Oregon's Lost Lake Disappears Each Summer Down a Hole

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The U.S. state of Oregon has at least 19 lakes named “Lost Lake”, but possibly only one fits the name. This particular Lost Lake is located within the Willamette National Forest just outside the Mt. Jefferson Wilderness. The lake is also one of the best known because it is easily accessible — it lies adjacent to the heavily travelled Santiam Pass Highway, Oregon Highway 20.

Lost Lake was formed about 3,000 years ago when lava flowing from the Sand Mountain Line of small volcanoes blocked a river channel to create a small basin of water which now holds the lake. The lake begins to fill in the late fall, fed by several small surface streams, and continues to fill all winter in a series of rain or snowstorms. But as spring turns to summer and the streams dry off, the lake drains down a huge hole located on the lakebed. In particularly dry years, the entire lake disappears leaving a small meadow in its place.


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The hole is connected to a lava tube. A lava tube forms when a stream of hot lava cools to form a hard crust, but the lava beneath the hardened surface continues to flow. After the hot lava drains away, a hollow tube remains. A lava tube can be as small as 1 feet across or as large as a subway tunnel. (See: Manjanggul Lava Tube Cave in Jeju Island)

Aside from the huge hole, the lake bed is formed of porous volcanic rock and there are also cracks and fissures on the rocky bed. When the amount of rain coming in exceeds the ability of the lava tube to drain off the water, the lake starts to fill reaching a depth of 9 feet.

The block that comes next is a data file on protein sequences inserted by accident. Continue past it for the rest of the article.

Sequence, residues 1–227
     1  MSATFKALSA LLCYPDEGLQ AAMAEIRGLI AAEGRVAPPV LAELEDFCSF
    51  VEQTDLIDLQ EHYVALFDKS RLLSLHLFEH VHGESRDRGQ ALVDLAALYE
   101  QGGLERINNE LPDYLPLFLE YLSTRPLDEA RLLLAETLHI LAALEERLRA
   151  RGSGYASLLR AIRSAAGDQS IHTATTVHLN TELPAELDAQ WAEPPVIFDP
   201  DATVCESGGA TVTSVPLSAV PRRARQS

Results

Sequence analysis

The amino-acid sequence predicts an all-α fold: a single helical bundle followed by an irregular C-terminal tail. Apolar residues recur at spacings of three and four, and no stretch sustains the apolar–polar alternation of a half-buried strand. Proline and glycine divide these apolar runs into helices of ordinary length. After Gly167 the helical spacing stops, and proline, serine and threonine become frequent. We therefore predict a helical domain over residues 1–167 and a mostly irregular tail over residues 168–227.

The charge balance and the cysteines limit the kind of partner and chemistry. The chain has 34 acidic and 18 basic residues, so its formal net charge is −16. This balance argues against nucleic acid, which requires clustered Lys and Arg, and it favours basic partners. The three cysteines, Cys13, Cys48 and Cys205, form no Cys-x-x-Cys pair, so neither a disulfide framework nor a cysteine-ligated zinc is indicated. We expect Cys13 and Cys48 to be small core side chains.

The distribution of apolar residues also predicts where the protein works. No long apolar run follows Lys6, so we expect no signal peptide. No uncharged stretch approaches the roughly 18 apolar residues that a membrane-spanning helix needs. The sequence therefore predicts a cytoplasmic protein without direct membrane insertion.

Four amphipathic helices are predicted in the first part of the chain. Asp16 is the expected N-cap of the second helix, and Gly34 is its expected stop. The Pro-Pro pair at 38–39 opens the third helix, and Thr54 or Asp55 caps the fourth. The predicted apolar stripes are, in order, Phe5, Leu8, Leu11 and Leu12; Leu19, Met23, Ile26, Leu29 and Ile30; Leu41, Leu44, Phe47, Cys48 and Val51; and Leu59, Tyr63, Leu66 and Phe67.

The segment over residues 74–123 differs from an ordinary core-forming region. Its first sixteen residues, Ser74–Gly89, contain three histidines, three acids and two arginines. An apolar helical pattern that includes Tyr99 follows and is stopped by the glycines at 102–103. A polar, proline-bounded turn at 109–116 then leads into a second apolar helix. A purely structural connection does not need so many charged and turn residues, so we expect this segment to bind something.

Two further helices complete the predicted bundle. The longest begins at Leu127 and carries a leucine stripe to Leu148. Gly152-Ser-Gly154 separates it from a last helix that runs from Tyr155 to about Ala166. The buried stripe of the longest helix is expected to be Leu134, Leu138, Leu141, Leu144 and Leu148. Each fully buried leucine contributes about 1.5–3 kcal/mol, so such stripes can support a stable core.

The Lost Lake's water seeps into Earth and refills the underground water supply that feeds springs in other areas of the forest and even provides drinking water for the community. It is estimated that the lake’s water take seven to ten years to filter down through all those cracks and pores before it end up in someone glass.

However, not all people are respectful of the lava tubes. People have been throwing trash such as car parts, engines and other debris in the hole, presumably for fun or just to see if they can plug the hole. Throwing anything into the hole is strongly discouraged by forest officials as it could flood the lake and the road.

Also see: Loughareema–The Lake That Randomly Vanishes


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Sources: Live Science / Bend Bulletin / Atlas of Oregon Lakes via My Modern Met

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1 comment:

  1. Quite similar in behaviour to Medicine Lake in Alberta.


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